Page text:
This UNESCO designated World Heritage Site is, in my opinion, the most interesting and spectacular of the Mayan sites on the Yucatan. This may only be because there are far fewer tourists around than at Chichen Itza and the feeling of being part of the history is very strong here. Uxmal was one of the last city states to rise and flourished until its demise in about 1000 AD. No one knows why it faded, but it may be as simple as the fact that it outgrew itself. Water, always a factor, became so scarce that the Maya had to abandon the area for greener pastures elsewhere. Five different stages of construction have been discovered and as you walk around the huge site, these stages become obvious. Pictured below are some of the more important buildings.
The Pyramid of the Magician welcomes you to the site. Notice its unique oval shape.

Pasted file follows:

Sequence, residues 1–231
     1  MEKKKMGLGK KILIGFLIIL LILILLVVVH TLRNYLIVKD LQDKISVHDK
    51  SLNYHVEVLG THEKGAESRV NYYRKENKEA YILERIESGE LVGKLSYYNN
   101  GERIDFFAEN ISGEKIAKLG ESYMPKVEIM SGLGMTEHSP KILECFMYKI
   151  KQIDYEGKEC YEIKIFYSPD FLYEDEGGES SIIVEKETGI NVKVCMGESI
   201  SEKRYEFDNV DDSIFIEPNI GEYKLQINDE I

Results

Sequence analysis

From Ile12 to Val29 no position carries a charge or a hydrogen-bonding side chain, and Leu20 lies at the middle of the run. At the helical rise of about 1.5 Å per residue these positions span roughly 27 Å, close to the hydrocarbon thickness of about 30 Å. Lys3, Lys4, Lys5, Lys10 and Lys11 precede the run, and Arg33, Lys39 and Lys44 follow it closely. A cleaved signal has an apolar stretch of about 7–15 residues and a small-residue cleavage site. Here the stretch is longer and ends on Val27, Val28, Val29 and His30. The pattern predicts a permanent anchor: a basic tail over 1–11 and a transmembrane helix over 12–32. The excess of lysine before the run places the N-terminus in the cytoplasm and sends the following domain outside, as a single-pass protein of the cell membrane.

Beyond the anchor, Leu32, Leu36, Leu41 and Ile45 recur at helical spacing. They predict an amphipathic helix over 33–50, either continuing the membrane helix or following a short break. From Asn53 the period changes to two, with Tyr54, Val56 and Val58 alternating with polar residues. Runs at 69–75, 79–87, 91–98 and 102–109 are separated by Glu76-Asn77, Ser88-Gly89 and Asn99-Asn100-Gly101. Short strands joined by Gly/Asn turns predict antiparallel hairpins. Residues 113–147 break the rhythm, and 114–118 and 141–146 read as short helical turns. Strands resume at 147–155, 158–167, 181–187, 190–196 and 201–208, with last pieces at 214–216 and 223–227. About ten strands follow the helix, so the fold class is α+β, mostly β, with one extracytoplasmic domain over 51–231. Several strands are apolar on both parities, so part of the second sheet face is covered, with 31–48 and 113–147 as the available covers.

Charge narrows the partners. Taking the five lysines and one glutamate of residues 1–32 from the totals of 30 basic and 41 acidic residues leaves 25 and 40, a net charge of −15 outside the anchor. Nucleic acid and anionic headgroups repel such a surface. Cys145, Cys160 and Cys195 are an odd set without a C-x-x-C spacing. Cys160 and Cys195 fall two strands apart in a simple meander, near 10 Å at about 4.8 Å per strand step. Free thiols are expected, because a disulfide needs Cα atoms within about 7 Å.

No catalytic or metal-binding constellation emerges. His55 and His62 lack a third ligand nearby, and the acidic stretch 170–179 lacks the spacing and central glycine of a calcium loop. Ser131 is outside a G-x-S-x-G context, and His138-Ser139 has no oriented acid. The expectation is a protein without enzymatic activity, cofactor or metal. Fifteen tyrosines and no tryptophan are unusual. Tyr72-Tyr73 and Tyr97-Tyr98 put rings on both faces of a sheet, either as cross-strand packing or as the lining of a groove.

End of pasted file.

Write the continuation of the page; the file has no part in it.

Get an idea of the height of the Pyramid
Another view--from the rear
Notice the serpents heads on the edge of the building. Throughout the site there are carvings of serpents along the walls. We noticed in South East Asia that serpents figured largely in the sites we visited.
Typical Mayan arch, a common feature of Mayan architecture.
The Nunnery Quadrangle (named by the Spanish explorers) is made up of many small rooms. Historians differ on its use. Some think it was a military academy while others thought it was an earthly paradise where sacrificial victims would spend their final days in debauchery. Built around 850 AD
This is the same building in the night in which a sound and light show takes place
There is only this side remaining of the quadrangle of the doves (also named by the Spanish)
The Great Pyramid---we even climbed this one
Bye Bye. We loved this site.
Posted by keithandhelen
Archived in Mexico
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